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Peggy Knobloch: Man admits dumping missing German girl’s body

Peggy Knobloch: Man admits dumping missing German girl's body

a photograph of a little blonde haired-blue-eyed girl on a grave headstone reading Peggy Knobloch 1992-2001

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Getty Images

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Peggy Knobloch's image is on a headstone in Bavaria that stands above an empty grave

Prosecutors say a man has admitted dumping the body of a nine-year-old girl, whose disappearance 17 years ago is one of Germany's biggest mysteries.

Peggy Knobloch went missing in 2001 on her way home from school in Bavaria. Her remains were only found in 2016.

Manuel S denies killing Peggy, telling police he took her body from another man, then buried her in nearby woods.

He has not been charged so far but is being investigated for murder, prosecutors said Friday.

One man served jail time for Peggy's murder but was later acquitted in a retrial.

What happened then?

Peggy Knobloch disappeared when walking home from primary school on 7 May 2001.

A huge search was mounted with police and army officers searching as far as Czech Republic and Turkey, in the belief she may have been kidnapped.

She was not found until July 2016, when mushroom pickers came across her bones in a thickly wooded part of Thuringia state.

What's the latest?

The latest breakthrough in the case comes a week after police raided Manuel S's home.

In his confession to police, the 41-year-old said another man directed him to Peggy's lifeless body at a bus stop in her hometown of Lichtenberg.

After failing to revive her, the then 24-year-old wrapped her in a red blanket and drove her into a nearby forest. A few days later, he burned her satchel and jacket at home.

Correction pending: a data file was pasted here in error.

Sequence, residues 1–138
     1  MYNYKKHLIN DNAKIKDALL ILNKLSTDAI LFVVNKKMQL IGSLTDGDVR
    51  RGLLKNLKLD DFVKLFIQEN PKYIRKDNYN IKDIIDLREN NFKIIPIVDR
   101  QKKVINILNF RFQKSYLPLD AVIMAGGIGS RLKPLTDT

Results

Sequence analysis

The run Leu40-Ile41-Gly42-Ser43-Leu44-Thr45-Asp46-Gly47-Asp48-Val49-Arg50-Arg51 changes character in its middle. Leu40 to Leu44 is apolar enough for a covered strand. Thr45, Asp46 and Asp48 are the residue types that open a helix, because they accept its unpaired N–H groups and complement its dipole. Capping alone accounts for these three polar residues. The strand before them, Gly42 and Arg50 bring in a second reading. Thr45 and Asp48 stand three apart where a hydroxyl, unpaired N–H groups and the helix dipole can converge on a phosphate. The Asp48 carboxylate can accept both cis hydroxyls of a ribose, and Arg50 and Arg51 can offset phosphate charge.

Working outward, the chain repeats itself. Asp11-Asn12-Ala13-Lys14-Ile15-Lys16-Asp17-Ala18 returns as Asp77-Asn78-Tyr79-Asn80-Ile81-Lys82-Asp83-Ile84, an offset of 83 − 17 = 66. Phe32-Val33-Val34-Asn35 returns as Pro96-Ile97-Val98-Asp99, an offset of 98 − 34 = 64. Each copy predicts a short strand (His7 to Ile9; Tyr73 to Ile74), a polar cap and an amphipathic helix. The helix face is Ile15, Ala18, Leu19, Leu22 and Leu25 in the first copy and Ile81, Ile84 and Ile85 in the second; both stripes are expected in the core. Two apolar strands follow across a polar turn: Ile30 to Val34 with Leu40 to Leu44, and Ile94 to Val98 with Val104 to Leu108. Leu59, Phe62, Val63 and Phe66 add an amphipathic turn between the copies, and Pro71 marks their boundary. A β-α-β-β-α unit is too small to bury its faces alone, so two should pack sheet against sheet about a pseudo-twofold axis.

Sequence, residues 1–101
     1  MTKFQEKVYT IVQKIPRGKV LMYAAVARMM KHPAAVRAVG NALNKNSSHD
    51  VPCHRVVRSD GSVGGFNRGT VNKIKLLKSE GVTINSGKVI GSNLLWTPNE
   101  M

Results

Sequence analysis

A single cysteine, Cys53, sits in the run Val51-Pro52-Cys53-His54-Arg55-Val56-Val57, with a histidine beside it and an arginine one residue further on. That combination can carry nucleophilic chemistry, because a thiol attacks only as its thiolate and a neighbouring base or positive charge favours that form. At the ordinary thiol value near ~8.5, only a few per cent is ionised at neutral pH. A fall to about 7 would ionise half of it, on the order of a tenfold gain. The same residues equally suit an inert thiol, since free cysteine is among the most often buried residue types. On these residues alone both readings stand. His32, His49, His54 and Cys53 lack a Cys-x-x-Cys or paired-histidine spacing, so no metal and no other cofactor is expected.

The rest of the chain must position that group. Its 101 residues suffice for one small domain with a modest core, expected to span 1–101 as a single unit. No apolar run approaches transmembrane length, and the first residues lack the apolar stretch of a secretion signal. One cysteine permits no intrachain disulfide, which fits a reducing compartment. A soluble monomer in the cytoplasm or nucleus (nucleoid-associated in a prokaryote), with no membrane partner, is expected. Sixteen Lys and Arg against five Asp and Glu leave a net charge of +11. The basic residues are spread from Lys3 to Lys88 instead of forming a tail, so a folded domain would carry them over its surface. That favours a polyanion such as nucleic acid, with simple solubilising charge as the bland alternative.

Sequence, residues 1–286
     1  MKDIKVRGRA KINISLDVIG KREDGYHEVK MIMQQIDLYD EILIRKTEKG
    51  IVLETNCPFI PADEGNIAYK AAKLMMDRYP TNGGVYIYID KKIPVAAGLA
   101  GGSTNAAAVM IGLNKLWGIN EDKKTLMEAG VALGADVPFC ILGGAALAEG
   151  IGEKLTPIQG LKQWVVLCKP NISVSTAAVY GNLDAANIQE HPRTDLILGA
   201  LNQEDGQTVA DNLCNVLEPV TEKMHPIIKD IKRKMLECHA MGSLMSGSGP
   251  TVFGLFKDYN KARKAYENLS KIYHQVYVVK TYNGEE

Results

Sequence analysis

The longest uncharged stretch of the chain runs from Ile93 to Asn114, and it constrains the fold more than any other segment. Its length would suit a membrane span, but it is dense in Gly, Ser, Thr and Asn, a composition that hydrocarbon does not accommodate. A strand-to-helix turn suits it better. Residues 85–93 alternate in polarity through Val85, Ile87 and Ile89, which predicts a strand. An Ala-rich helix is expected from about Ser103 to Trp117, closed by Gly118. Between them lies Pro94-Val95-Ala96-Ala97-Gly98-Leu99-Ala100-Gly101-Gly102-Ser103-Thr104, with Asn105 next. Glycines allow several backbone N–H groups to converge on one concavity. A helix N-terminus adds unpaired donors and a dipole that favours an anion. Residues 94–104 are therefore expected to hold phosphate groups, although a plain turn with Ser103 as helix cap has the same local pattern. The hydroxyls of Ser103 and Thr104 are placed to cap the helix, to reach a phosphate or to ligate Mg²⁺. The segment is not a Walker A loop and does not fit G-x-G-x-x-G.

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Jens-Ulrich Koch/Getty

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Manuel S claims he found Peggy's body at a bus stop close to her family home

Prosecutors told reporters that the suspect had been released, as "there was no immediate suspicion". They confirmed Manuel S had named the other man at the bus stop.

They declined to reveal further information, including on possible cause of death, saying: "The investigations are progressing."

German media note that the suspect cannot be charged with anything other than murder, as the statute of limitation for lesser charges has passed.

False leads

Two years ago, DNA traces from a notorious neo-Nazi who died in 2011 were found in the woods where Peggy was found, however a connection was never proven.

In 2002, a local man with a learning disability was accused of killing her to cover up that he had sexually abused her. He withdrew his confession but was jailed for life in 2004. He spent his imprisonment in a psychiatric hospital.

Ten years later, his conviction was overturned and he was later freed.

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